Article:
Memorial Day isn’t just about the past and remembering the heroes who have served this country.
It’s also about the future and ensuring that generations to come stand proudly under the red, white and blue with pride, knowing just how much this nation is worth fighting for.
For everyone who puts on the uniform of the United States and serves in every clime around the world or at home, there’s no limit to what they may be called on to do in defending freedom.
Stories from the Frontline
The Purple Heart medal is only given to the very few. It is the oldest military award in our country that is still awarded; over 1.8 million have been awarded since it was created in 1782.
The Purple Heart only goes to those who are killed in battle or wounded and the criteria to receive it are very high.
Sgt. John Chapman
Air Force Sergeant John Chapman was awarded the Purple Heart for his bravery in Afghanistan where he was killed in action in 2002.
Chapman was on a recon mission in mountainous terrain in Afghanistan and fought to the death to save the lives of his team members from Al Qaeda and Taliban terrorists. His helicopter was shot down by an RPG, throwing a SEAL on the helo out onto the ground among the enemy.
Today we pay tribute to those who gave the last full measure of devotion to protect our Nation. #HonorThem #MemorialDay pic.twitter.com/cYOqvvynng
— Office of the Secretary of the Air Force (@SecAFOfficial) May 31, 2021
Managing to land the half-destroyed helo, Chapman requested another helo to save the stranded SEAL a few miles away. Chapman and his crew then got to the second helo and diverged to go save their comrade in arms; however, the enemy was ready, raining bullets down on them and bringing more fighters.
The fighting was intense but Chapman didn’t back down, pushing through deep snow to charge the terrorists who strafed him with bullets. He kept fighting for over an hour as his body bled out in the snow while his teammates took the mountain and saved the other SEAL.
Rest in peace, Sgt. Chapman.
US Army Specialist Roberto Delgado was born in 1948 in Puerto Rico and grew up in Queens, New York. He was drafted into the army at age 19 and went to fight in the Vietnam War after two months of basic training.
Delgado arrived in theater in 1968 at the end of the Tet Offensive when heavy fighting was sweeping the country. The airfield was even under attack when they arrived.
Arriving with his life already in danger, Delgado made himself a solemn promise: “I am going to survive this war.”
Fighting in Bravo Company with the 196th Light Infantry Brigade, Delgado and his fellow soldiers were sent into a dangerous region of Quang-Nam province. They were then issued a weapon, new fatigues, new boots and everything.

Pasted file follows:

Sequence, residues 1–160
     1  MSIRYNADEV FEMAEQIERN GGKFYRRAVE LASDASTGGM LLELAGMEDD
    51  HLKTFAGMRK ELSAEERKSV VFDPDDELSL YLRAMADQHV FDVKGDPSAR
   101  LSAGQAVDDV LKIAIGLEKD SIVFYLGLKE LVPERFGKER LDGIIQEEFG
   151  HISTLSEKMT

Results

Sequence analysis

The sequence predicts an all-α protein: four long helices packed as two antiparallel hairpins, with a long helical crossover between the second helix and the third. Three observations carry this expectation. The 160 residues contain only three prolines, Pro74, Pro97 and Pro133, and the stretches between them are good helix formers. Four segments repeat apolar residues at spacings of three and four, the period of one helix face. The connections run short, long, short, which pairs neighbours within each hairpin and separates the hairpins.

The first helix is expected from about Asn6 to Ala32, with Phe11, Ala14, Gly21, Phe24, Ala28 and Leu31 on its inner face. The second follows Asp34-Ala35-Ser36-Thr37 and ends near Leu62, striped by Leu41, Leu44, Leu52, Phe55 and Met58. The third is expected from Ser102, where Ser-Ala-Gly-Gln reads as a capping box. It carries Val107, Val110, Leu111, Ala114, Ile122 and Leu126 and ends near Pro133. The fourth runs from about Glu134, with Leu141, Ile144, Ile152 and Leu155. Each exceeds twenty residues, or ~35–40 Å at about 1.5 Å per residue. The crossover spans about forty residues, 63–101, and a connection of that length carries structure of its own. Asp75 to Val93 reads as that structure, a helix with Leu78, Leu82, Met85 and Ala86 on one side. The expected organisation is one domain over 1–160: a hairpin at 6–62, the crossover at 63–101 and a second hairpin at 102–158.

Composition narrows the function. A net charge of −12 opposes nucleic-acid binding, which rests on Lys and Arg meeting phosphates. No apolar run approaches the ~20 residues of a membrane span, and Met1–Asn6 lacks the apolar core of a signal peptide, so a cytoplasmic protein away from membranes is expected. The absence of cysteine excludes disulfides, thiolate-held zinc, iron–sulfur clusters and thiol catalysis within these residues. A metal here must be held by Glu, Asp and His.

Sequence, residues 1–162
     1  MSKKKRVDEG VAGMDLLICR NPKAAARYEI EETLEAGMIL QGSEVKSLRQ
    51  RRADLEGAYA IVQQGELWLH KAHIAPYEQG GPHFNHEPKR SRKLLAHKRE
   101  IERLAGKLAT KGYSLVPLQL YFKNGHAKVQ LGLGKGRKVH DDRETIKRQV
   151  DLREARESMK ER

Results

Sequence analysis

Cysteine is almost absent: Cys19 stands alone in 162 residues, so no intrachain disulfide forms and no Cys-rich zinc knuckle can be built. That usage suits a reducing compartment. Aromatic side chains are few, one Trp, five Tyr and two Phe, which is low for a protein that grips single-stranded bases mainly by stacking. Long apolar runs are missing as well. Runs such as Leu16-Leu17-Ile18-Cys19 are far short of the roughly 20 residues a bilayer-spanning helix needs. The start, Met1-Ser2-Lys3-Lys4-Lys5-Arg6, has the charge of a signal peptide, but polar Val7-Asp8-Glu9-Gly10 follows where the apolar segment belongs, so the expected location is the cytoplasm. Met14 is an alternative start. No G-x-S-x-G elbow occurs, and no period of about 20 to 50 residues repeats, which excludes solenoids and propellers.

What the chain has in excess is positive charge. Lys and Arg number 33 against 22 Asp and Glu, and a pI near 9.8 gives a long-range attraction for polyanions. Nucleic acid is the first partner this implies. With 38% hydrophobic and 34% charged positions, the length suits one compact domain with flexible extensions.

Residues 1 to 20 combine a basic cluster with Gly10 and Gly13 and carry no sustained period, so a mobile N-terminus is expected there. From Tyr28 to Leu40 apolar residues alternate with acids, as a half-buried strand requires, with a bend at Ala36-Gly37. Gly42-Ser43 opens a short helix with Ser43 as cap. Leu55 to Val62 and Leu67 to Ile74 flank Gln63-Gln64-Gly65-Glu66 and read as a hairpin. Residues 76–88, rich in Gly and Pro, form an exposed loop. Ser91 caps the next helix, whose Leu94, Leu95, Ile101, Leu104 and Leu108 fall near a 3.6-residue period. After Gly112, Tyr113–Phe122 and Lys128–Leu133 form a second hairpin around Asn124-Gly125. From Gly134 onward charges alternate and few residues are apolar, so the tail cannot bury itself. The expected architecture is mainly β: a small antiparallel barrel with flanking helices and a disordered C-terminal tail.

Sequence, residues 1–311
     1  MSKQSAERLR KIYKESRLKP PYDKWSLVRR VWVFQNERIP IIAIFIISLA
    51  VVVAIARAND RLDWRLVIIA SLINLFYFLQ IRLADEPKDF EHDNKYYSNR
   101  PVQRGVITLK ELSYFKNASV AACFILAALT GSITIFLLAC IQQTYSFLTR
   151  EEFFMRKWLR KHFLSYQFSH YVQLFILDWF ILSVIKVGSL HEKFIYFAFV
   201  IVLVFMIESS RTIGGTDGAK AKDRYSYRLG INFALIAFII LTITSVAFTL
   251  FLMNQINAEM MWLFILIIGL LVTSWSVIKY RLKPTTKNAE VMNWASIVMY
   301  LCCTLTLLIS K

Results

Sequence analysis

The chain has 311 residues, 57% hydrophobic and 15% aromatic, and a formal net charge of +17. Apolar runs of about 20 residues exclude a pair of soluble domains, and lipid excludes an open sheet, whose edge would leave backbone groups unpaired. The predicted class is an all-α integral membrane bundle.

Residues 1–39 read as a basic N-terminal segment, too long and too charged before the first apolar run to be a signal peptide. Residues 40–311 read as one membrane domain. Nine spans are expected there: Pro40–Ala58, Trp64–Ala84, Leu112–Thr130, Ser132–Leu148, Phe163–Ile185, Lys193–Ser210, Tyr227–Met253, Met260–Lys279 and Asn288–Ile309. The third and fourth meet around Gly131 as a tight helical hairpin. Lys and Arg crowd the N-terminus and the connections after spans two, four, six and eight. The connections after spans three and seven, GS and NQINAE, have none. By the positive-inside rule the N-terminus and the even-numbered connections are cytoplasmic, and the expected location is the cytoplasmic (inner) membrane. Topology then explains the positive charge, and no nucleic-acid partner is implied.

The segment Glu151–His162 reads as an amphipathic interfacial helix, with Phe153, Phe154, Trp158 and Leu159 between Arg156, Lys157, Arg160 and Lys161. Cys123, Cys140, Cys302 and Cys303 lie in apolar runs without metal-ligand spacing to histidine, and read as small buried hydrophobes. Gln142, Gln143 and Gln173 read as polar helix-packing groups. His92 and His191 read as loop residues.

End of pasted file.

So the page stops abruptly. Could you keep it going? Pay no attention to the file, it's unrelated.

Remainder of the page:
The origin of “Taps, the distinctive bugle melody played at U.S. military funerals and memorials and as a lights-out signal to soldiers at night, dates back to the American Civil War.
Taps is also how #WeRemember our fallen. #ArmyTeam pic.twitter.com/BeG9SttmI2
— U.S. Army (@USArmy) May 31, 2021
He was put on guard duty when an explosion hit the bunker. The next day on patrol, with dog tags taped down so as not to make any sound, Delgado shot a water buffalo by mistake, thinking it was the enemy.
His Purple Heart came more than halfway through his deployment when Delgado was fighting in the summer of 1969 fighting under a Green Beret commander. Moving to a new location, they passed through an abandoned village. A helo came to deliver them food and the enemy popped up firing at it.
Now Delgado and his team of around 175 were aware of the enemy and exposed. They began to take casualties as the enemy turned on them at dusk and Delgado held a dying radioman in his arms, unable to save him. They retreated but went back out on patrols, with Delagdo one of seven.
#MemorialDay is a day to remember and honor the service members who never made it out of uniform; the ones who paid the ultimate sacrifice. #MemorialDay2021 #HonorThem pic.twitter.com/ytiDqkN8fR
— U.S. Marines (@USMC) May 31, 2021
He saw a fire in one of the villages which wasn’t allowed, and then a Vietcong fighter, firing at him..but Delgado was already hit in the arm and in the leg. More Vietnamese fighters came out, unloading on his team, but he didn’t give up. He survived the serious injuries and eventually got a medevac.
Delgado still has PTSD in addition to his Purple Heart, but he feels that many civilians don’t get what he and others went through.
“People need to know what we went through,” he said.
Thank you for your service, Specialist Delgado.
Eternally grateful for those who sacrificed everything for our country.
We salute and thank you. #MemorialDay pic.twitter.com/O4LSmFaxfJ
— Tampa Bay Lightning (@TBLightning) May 31, 2021
Remembering Our Heroes
I hope the stories above about Sgt. Chapman and US Army Specialist Delgado have helped emphasize the bravery and heroism of our troops.
Our nation will remain strong and united for as long as we look up to those on the frontlines who fight for all of us.